Hint to Modiji and Amitji : BJP in Karnataka lost Lingayat vote bank in 2013 when BSY went his own way
BJP had to wait 6 years to rule again after Yediyurappa’s son and political heir Vijayendra played a key role in formation of government
Every time the BJP forms a government in Karnataka, the hunt for a Lingayat strongman to succeed BS Yediyurappa begins. But in its zeal to apply its internal age policy and alongside cultivate other regional saffron leaders, the Delhi bosses should not forget that it is he alone who has single-handedly built up the party in the state. Instead of needlessly causing a flutter in the state cadre, the party high command should let the Yediyurappa decide for himself his retirement from the political scene.
It should not be forgotten that from 2008 to 2013, even as Karnataka witnessed three CMs – Yediyurappa, Jagadish Shettar and DV Sadananda Gowda — it was largely due to Yediyurappa’s spadework over the years that the BJP could complete a full 5-year tenure in power.
Due to political differences, Yediyurappa had quit the BJP and formed the Karnataka Janata Party in 2013, reducing the saffron party’s numbers in the assembly to just 40. Moreover, in 40 other constituencies, the fledgling party had polled the second highest number of votes.
Later, the breakaway party merged with the BJP and Yediyurappa once again got a free hand to to steer the BJP back to power. However, it fell 9 short of the magic number in the 2018 assembly elections and had to sit in the opposition.
Well aware of his single-handed contribution over a span of 40 years in bringing the party to prominence in Karnataka, the BJP high command exempted Yediyurappa from its internal policy of not entertaining chief ministerial hopefuls who have crossed the age of 75. However, with an eye to succession issues in the future, it has appointed three deputy chief ministers.
Now, with Yediyurappa having completed one year in the CM’s office, there is talk once again of the Delhi bosses looking for a successor.
Political pundits in Karnataka point out that the saffron leadership would not have dreamt of ignoring the huge contribution to the party of an icon like Atal Bihari Vajpayee, which is why he became Prime Minister at an age when he had difficulty walking. Similarly, no one brought up the age factor in the case of M Karunanidhi, who ruled Tamil Nadu as Chief Minister while wheelchair-bound. Hence, they say, Yediyurappa too should be allowed to decide for himself when he wants to step down as CM.
Rudderless without BSY
In fact, the BJP leaders sitting in New Delhi and their counterparts in the state know how difficult it has been for the party to widen its base in Karnataka without the presence of BSY. Similarly, even Congress and JDS leaders in Karnataka consider their chances of getting more legislators elected better if there is no Yediyurappa in the BJP. Proof of the BSY factor is the 2014 Lok Sabha election results when the saffron party campaigned without the presence of Yediyurappa.
Yediyurappa’s stature as a Lingayat leader has yet to be matched by any Congress or JDS leader from the same community.
In 2010, when Yediyurappa was forced to step down and another Lingayat leader, Jagdish Shettar, was made chief minister, the latter could make hardly any impact on the community and had to himself give up the CM’s chair to a Vokkaliga, DV Sadananda Gowda.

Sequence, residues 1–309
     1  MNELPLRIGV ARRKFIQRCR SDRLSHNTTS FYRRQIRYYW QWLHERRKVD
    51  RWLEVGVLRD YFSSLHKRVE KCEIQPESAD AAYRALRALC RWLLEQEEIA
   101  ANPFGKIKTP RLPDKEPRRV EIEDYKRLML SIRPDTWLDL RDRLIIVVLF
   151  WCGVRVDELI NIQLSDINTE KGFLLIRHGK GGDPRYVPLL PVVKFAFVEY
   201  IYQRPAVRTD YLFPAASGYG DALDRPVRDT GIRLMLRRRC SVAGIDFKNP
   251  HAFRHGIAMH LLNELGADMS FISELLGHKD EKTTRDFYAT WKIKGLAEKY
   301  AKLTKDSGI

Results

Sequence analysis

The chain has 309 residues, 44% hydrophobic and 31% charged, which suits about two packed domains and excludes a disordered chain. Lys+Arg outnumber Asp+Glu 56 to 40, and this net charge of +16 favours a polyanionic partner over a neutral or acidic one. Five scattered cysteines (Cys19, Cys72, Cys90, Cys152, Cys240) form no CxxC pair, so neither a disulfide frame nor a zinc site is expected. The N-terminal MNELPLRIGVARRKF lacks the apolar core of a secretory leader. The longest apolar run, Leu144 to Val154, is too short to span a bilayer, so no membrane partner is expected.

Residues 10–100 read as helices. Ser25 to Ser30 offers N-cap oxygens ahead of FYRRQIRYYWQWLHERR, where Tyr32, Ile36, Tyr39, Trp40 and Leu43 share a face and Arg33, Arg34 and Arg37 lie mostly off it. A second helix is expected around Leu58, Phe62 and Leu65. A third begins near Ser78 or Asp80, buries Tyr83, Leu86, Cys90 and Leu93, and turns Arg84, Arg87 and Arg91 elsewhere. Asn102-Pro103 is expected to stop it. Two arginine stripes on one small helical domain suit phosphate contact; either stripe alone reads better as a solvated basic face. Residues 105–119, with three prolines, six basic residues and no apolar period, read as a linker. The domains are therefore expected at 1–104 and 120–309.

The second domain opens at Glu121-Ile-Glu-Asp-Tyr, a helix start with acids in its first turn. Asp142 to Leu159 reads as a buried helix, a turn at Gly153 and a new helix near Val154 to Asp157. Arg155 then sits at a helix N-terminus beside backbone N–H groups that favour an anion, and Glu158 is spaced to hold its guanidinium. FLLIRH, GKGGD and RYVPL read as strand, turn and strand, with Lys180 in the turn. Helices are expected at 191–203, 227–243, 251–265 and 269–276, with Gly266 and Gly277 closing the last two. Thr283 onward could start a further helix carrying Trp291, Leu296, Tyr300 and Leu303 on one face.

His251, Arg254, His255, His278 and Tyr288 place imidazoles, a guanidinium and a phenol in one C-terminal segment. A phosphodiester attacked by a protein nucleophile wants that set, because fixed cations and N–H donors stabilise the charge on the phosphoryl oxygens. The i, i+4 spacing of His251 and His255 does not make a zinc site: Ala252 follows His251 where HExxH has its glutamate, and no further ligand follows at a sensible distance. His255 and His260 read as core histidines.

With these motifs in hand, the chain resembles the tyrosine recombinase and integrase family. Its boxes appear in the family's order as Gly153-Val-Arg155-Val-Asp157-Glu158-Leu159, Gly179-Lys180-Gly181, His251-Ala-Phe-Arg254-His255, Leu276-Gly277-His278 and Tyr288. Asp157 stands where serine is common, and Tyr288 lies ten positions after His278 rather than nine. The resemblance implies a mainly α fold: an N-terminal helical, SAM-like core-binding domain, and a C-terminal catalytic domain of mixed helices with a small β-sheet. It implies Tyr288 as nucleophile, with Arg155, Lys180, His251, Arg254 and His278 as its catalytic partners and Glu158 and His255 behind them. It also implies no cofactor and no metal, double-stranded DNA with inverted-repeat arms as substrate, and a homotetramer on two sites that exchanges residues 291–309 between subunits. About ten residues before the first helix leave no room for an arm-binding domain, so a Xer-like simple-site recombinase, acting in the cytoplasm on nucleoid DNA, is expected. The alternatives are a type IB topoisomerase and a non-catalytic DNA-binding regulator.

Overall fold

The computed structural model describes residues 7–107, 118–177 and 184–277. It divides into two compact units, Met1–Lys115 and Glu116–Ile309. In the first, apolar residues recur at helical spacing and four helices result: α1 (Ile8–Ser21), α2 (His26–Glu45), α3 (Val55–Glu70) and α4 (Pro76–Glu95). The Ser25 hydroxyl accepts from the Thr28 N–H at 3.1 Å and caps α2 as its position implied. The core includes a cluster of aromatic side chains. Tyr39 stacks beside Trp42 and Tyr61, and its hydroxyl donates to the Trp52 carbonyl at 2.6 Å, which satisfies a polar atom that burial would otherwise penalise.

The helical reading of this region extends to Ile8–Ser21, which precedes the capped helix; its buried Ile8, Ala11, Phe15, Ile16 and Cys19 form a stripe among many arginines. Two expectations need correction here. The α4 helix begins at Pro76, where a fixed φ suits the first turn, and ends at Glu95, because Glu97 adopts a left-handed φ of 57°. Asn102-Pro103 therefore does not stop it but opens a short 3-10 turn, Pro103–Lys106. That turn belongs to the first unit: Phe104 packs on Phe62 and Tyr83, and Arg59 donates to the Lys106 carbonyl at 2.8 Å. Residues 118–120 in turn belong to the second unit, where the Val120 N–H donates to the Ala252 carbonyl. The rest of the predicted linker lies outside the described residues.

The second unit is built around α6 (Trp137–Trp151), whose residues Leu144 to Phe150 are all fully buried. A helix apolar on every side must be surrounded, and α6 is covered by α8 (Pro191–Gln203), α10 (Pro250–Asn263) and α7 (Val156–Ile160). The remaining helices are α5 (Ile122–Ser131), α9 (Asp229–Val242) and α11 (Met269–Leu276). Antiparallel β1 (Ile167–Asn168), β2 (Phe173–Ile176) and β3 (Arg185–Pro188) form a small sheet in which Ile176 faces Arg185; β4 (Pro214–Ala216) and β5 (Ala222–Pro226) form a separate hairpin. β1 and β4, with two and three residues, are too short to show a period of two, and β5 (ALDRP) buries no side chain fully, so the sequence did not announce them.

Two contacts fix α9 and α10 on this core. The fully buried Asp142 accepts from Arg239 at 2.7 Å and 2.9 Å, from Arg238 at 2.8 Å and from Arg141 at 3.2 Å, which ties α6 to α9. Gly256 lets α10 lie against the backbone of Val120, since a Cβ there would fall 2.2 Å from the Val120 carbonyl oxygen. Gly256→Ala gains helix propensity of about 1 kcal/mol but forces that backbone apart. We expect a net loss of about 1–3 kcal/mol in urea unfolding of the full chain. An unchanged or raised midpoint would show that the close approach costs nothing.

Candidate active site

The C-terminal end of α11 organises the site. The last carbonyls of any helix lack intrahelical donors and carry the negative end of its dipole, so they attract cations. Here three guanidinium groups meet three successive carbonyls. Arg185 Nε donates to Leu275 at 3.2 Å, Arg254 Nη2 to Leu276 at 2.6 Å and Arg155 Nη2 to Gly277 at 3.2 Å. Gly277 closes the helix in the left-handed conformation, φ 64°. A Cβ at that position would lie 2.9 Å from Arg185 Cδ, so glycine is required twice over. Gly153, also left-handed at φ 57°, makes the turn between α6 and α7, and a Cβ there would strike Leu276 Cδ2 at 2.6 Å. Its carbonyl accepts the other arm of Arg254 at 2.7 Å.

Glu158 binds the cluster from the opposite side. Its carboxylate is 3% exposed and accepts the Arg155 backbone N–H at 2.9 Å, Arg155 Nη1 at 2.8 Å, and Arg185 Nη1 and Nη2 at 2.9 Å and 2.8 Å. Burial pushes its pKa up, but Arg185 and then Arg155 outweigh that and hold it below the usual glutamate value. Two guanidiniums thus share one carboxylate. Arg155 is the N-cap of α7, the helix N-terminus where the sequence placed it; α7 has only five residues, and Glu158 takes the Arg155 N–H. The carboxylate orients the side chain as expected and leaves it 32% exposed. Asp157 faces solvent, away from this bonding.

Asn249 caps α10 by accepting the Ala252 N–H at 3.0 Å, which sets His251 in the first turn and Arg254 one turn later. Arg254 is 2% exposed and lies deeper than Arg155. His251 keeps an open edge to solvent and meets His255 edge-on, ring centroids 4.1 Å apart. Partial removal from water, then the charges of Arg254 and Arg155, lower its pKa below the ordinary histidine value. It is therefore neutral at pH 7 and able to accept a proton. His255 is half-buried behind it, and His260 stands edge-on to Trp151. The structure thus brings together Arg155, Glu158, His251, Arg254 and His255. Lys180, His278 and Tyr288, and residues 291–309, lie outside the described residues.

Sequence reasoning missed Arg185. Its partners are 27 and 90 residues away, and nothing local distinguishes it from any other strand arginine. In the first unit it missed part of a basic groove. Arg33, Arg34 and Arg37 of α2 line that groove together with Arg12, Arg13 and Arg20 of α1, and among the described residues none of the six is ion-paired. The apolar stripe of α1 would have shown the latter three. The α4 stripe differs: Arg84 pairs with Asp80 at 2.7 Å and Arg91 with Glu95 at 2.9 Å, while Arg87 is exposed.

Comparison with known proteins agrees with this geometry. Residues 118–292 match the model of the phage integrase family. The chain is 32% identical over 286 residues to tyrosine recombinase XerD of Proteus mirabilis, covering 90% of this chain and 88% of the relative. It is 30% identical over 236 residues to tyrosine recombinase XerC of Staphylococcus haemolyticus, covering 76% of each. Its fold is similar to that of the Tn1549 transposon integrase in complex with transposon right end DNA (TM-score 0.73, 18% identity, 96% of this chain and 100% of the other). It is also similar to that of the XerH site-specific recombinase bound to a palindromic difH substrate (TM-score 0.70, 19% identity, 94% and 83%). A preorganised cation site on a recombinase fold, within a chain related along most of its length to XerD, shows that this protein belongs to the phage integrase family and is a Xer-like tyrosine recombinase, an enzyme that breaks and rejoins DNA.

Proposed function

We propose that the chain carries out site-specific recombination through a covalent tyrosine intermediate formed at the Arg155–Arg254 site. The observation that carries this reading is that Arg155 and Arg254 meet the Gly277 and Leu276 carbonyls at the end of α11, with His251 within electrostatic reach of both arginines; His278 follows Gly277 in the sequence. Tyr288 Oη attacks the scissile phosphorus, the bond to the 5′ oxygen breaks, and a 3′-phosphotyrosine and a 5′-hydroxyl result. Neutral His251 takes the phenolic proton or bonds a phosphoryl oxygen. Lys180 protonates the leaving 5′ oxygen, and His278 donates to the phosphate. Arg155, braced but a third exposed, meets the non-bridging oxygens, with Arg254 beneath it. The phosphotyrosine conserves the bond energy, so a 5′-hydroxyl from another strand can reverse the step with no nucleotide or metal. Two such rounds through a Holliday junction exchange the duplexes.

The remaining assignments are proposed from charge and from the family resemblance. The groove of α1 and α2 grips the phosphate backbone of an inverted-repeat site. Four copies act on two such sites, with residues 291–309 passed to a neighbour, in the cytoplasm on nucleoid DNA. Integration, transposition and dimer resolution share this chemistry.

More recently, according to sources, MoS for Railways Suresh Angadi, a Lingayat himself and a relative of Shettar, was being seen as a successor to Yediyurappa. But any such possibility proved abortive as Angadi succumbed to Covid-19.
Vijayendra’s Lingayat appeal
Besides, it is a known fact that Yediyurappa’s son BY Vijayendra played a key role in the defection of 17 Congress and JDS legislators, helping his father become chief minister for the fourth time last year. And with BSY living up to his promise of making every defector either a minister or a high functionary in the party, the sense of trust in Yediyurappa has only grown.
Not just the father, the BJP brass in Delhi cannot afford to ignore the son either. Vijayendra single-handedly ensured the first saffron victory in the JDS stronghold of KR Pet in Mandya district – an achievement which helped elevate him as state BJP vice-president. He now faces the task of bagging another first for the party in the JDS stronghold of Sira assembly constituency in Tumkur district, which faces by-elections on November 3.
Should Modi step down at 75?
Looked at another way, pundits point out that Prime Minister Narendra Modi is himself 70 years old and will be 74 when the next Lok Sabha polls take place in 2024. If the party’s internal age bar of 75 years were to apply in his case – and assuming the party was once again in power at the Centre – Modi would be able to remain Prime Minister for only one year in his new term. That would not only be a ridiculous proposition but also unthinkable to all the millions of Modi supporters across the country.
In consonance with common sense and the majority’s feelings, neither would TheBengaluruLive.com take the line that the Prime Minister should step down immediately after he turns 75. But if it is widely seen as perfectly acceptable for the Prime Minister of the country to take a call on his political retirement, so should the BJP brass leave it to Yediyurappa to decide on his own retirement from Karnataka politics. Till then, he should be given a free hand to do what he has done without any equal all these years in strengthening the BJP at the grassroots level.
Also Read: No proposal to remove Yediyurappa: Pralhad Joshi https://thebengalurulive.com/no-proposal-to-remove-yediyurappa-pralhad-joshi/